The second letter was an Untitled Letter and was unusual in that the communications vehicle involved the words spoken by a sales representative. Of the 329 letters in my data base of warning/untitled letters, this is only the 14th involving an oral statement.  FDA was citing language made by the sales representative during a presentation that it said promoted a product for a use for which it was not approved and in addition, minimized the risks associated with the use of the product, which also came with a boxed warning. 

Recently Dr. Janet Woodcock, head of FDA’s Center for Drug Evaluation and Research, was quoted as saying that the agency was taking a more cautious approach to enforcement in light of First Amendment issues and was focusing on situations where there might be an important safety concern. 

That said, low enforcement obviously does not mean no enforcement. While different circumstances, both of the letters involved products with boxed warnings. In fact, of the six letters issued this year all but one involved a product with a boxed warning. It is notable also that both involved reports of violations made to FDA through the Bad Ads program, whereby healthcare professionals are encouraged to report violations. 

And aside from letters, OPDP also published intent to conduct some specific studies related to promotional aspects of medicines and direct-to-consumer advertising. One of the studies aims to examine the presence, wording and prominence of disclosure information related to products granted accelerated approval. In the second announcement, OPDP signaled it will be studying disease awareness and prescription drug promotion on television. The agency says that it is interested in seeing “whether and to what extent” the practice of engaging in disease awareness in relation to a product results “in consumers confusing or otherwise misinterpreting the different information and claims presented”. 

Those in healthcare communications around medical products should sit up and take note this week. While OPDP has been less active on the enforcement front, the letters this week demonstrate that when the agency receives complaints via the Bad Ad program, it will act on them, particularly where, as Dr. Woodcock indicated, it believes there is a safety issue – which may be more pronounced when a product has a boxed warning. 

Photo by Goh Rhy Yan on Unsplash


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HHS Proposes Pricing in DTC

In May the Administration released a plan called “America’s Patients First” , a blueprint to lower drug prices and reduce out-of-pocket costs. One of the items contained in that blueprint was to have the manufacturers of medicines include the list price of a drug in direct-to-consumer (DTC) advertisements for the product. Yesterday Health and Human Services (HHS) proposed a rule that would require just that for drugs that are reimbursed under Medicare or Medicaid. Much has and will be written on this idea. Here is some more.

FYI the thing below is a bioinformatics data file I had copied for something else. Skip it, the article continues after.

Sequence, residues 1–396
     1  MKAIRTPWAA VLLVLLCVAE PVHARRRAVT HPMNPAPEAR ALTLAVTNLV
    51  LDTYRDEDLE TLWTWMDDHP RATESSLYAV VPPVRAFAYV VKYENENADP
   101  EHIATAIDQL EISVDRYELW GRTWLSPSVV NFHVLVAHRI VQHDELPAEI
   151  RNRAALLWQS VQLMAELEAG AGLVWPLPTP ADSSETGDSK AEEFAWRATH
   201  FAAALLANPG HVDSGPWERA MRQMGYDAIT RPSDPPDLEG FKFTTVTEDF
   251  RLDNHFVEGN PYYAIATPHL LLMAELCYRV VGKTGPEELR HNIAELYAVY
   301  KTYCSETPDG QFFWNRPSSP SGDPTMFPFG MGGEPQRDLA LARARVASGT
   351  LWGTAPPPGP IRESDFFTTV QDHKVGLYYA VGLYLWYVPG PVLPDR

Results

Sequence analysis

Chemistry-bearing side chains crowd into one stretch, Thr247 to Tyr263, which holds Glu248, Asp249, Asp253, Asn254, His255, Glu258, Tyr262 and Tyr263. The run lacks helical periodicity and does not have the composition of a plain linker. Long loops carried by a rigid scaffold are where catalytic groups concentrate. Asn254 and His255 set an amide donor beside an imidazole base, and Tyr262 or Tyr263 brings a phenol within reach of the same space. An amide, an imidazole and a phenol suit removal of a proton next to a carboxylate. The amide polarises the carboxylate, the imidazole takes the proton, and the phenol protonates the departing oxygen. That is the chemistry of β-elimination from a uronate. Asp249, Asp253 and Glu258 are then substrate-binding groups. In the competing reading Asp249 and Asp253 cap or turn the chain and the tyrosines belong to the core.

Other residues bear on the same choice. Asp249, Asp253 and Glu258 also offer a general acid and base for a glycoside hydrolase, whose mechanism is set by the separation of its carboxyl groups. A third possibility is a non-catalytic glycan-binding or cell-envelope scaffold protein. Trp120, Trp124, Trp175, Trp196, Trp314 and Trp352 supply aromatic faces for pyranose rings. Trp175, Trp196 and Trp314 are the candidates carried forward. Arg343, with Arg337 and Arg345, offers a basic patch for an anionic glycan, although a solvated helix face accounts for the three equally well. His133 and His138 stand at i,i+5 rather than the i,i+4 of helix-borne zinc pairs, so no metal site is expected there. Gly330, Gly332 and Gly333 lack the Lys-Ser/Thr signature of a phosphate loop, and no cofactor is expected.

Presumably the motivation for requiring the naming of the Wholesale Acquisition Cost (WAC) is that in doing so, manufacturers will be inclined to lower the cost of drugs given their appearance in such ads. Critics are dubious. The Food and Drug Administration is a highly evidence-based organization and in fact, today announced several studies on the impact of various aspects of DTC and its ability to inform or misinform viewers. (See here, here and here). In relationship to the proposed inclusion of pricing in DTC, no evidence has been put forward to demonstrate why this rationale might be sound, nor was any study announced. 

There is a lot for an interested viewer to pay attention to during the viewing of a DTC ad. There is information about the condition being treated, there is information about the benefits of taking the drug, about the risks associated with the taking of the drug for the condition, about who should be taking the drug and who should not, and about how it is administered. Adding a new element, the WAC which is one of the numbers associated with the price of the drug, but is not likely to be the actual cost to the patient, which is what the patient actually cares about adds a new element, but it does beg the question whether or not it will have the intended effect. 

When consumers get a prescription, they are often accompanied by medication guides – lengthy documents that explain a good deal of detail about the risks and benefits of the drug. A patient may read them once, or more likely to skim them, but not read them every time. The point is that providing information alone does not mean that the information will have the intended consequence.

The rule states that it is proposed so that consumers can make an “informed decision”. Further the proposed rule states that “[c]onsumers price shop when looking to purchase a new car, a new house, or even a new coffee maker”. But the price of a drug to a patient is not the same as the price of a cup of coffee maker. One can go to many places for the maker and shop and compare and make an informed decision about what you are paying for. However, when it comes to medicine it is an entirely different motivation for purchase. One needs a specific medicine to address a very specific need. Realities of need prevail over those of cost and a price label that is not directly relevant to what is actually paid by the patient may not inform, but merely confuse. 

There have been many proposals to address pricing, some of which may be more effective than others. Here relaying a price of a compound, without the context of what the consumer actually will pay out-of-pocket, in the pecking order of information that is contained in a drug ad, may likely have little consequence on the consumer/patient. The rule makes the case for the WAC as a valid indicator, but it is a speculative case. Ultimately if listing the WAC does not have an impact on patients, why should it have an impact on the manufacturer? At the very least, it could be a matter of study.